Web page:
Supporters Spur Chargers To Third Straight Judo Crown
Thirty five teams from across the state took part in the recent Hawaii High School Athletic Association state judo championships at Stan Sheriff Center, and 34 of them began with the same mantra: Defeat Pearl City.
Indeed, the Chargers entered as overwhelming favorites and did not disappoint, despite the avalanche of pressure to perform, claiming their third straight girls state crown and the fifth overall in their proud history.
For his part, longtime head coach Robin Puahala shunned being tapped as the favorite. “We actually took a big hit to graduation last year,” he said. “In my opinion, I thought it would be a lot closer. Everyone considered us the favorites, but I didn’t think of us as front-runners.
“The girls proved everybody right and proved me wrong,” he added with a laugh.
The team had a total of 14 players qualify for states and were the lone school to have someone in every weight class. By the time it was over,
Pearl City had placed in the top six in all 10 weight classes en route to a record state tally of 104 points. Kamehameha-Kapalama and Moanalua finished a distant second with 41 points each.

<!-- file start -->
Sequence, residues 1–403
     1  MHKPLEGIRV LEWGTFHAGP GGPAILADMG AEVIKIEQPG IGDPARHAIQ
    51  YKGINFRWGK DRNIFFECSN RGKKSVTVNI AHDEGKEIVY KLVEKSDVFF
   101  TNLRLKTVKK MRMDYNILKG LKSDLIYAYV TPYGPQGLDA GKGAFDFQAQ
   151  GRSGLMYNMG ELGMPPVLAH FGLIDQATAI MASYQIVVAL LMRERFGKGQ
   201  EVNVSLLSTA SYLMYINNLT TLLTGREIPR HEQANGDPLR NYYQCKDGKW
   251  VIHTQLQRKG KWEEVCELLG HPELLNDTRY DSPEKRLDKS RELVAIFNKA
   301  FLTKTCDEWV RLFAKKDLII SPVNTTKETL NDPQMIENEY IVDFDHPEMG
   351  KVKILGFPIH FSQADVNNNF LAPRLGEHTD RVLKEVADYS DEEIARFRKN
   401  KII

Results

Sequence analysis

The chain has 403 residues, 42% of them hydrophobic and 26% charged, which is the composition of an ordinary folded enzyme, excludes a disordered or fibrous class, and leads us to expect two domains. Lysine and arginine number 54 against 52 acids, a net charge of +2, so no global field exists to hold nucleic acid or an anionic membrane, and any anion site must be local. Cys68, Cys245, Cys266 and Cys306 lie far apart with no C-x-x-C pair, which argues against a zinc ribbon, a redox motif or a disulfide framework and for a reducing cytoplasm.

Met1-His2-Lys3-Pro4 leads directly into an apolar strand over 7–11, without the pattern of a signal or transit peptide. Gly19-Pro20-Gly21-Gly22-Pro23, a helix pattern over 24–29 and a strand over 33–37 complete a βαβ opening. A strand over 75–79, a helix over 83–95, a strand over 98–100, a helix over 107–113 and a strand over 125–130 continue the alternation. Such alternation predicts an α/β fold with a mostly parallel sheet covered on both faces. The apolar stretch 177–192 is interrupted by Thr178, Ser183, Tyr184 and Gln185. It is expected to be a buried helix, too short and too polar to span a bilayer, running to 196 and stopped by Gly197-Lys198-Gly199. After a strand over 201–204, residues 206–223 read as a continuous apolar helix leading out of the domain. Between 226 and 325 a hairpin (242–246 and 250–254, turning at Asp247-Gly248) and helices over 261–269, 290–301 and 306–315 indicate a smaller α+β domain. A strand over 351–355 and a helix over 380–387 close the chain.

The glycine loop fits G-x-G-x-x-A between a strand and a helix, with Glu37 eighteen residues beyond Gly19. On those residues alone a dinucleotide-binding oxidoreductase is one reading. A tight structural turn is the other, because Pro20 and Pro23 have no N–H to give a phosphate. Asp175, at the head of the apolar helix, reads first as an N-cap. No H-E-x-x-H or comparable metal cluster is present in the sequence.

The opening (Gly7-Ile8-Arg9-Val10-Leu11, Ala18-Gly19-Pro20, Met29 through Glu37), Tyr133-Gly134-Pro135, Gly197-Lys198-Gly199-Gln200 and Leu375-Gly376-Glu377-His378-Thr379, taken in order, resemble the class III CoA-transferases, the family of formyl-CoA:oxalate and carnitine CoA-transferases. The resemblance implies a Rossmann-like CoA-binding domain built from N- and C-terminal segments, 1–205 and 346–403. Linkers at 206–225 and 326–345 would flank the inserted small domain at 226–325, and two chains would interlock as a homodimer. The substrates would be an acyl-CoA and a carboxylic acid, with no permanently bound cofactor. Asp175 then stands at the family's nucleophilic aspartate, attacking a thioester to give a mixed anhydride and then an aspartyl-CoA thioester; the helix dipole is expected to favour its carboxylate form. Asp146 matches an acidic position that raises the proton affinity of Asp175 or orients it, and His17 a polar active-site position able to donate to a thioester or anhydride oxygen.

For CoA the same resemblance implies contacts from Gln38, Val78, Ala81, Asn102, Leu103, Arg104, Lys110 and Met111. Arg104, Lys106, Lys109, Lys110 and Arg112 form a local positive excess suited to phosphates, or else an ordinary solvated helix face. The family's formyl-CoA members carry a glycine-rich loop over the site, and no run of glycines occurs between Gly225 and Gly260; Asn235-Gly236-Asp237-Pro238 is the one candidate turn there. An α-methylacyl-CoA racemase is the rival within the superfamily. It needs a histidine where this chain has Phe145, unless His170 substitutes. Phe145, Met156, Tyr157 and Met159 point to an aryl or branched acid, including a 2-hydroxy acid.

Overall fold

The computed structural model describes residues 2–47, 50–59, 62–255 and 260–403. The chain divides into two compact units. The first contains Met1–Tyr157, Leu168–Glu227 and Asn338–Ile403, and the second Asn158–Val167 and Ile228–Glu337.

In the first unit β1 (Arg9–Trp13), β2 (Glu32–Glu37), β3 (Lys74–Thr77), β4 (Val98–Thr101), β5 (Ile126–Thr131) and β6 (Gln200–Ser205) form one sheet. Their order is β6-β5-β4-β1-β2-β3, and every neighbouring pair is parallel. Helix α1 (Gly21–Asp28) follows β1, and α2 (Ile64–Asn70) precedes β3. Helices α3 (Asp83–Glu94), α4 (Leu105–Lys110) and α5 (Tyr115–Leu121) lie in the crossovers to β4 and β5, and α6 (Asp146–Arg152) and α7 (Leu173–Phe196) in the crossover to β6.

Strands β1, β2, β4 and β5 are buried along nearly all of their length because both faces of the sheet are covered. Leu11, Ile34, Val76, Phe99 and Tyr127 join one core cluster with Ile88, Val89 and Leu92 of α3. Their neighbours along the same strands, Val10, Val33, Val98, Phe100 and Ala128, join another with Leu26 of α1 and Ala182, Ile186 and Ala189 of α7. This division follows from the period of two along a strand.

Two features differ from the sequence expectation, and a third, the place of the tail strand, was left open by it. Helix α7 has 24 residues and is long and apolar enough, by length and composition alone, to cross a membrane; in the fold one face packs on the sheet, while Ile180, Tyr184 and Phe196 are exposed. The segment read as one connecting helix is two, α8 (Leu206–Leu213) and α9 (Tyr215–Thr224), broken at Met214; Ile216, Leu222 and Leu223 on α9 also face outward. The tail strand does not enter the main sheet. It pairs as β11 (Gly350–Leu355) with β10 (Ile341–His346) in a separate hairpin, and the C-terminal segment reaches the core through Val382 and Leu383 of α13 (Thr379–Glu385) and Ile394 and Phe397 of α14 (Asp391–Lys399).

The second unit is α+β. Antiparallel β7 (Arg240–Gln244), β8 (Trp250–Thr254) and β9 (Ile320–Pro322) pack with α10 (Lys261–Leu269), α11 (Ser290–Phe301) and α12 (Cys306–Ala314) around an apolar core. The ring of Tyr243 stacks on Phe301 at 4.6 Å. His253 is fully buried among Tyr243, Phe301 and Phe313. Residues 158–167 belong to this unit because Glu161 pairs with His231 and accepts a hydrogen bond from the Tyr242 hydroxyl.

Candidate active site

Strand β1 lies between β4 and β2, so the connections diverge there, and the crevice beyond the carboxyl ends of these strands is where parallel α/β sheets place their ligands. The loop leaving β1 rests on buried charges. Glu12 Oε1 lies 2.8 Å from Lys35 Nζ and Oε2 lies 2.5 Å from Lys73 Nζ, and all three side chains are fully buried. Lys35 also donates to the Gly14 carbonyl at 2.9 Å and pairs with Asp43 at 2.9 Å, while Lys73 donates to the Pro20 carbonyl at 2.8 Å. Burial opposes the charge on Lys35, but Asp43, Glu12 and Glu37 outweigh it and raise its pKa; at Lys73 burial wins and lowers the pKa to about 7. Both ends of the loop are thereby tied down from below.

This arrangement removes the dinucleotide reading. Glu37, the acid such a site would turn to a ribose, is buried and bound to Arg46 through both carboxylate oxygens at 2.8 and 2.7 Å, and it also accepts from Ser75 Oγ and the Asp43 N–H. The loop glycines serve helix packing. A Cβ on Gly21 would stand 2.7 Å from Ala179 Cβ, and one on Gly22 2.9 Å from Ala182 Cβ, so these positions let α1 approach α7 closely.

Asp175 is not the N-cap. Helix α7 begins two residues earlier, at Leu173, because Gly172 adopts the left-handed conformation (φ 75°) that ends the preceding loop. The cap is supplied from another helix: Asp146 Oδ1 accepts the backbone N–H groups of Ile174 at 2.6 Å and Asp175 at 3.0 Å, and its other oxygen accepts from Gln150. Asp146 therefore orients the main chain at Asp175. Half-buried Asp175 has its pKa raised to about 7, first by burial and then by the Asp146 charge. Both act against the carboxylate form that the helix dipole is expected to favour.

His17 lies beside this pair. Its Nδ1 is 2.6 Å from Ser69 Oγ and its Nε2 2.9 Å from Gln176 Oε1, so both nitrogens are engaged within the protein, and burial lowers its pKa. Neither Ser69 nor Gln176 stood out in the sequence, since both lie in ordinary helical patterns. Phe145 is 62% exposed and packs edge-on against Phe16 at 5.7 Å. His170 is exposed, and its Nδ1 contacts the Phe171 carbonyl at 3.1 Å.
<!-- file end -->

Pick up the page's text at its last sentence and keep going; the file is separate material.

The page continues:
Of the 12 that placed for Pearl City, only two (Megan Ramos and Trudi Eltagonde) will graduate this month, making the team an early favorite for 2015. Leading the way was freshman Chastyne Dolor, who took home the team’s only individual title as she outlasted Mililani’s Kaylin Castro by a penalty in the final seconds of their epic battle in the 109-pound class. (Dolor also defeated Castro for the OIA and West Division titles this year.)
Depth ultimately put the team over the top, as Louise Pekelo (103 pounds), Netanya Kang (129), Kayla Arakaki (139), Ramos (154) and Eltagonde (172) all were runners-up. Additionally, Kim Mendez (154) and Ashlyn Antonio (220) placed third, Mikayla Abe (115) and Joen Tominaga (122) fourth, Adrienne Nazareno (98) took fifth and Sara Kaaiakamanu (139) sixth. (Senior Breanne Takaesu closed out a fine season at states, but did not place this year.)
As in past years, Puahala credited his large staff of assistant coaches and former players with having a huge impact on his current team’s success. He called Andy Toyama, who led Pearl City to three boys state titles during his own prep days, the Chargers’ “head” assistant coach.
“Most of the pressure comes from the players from the previous teams,” he said. “The biggest thing we have is alumni support – everyone always comes back to help (work with the kids). We have anywhere from 13 to 26 (coaches and helpers) at practice every day, and with 88 (players, including the boys’ team), we need that many.
“They’re always there as reminders of the tradition to uphold, and pressure comes from the kids who were captains here when the current team members were younger.”
Email Jack Danilewicz at firstname.lastname@example.org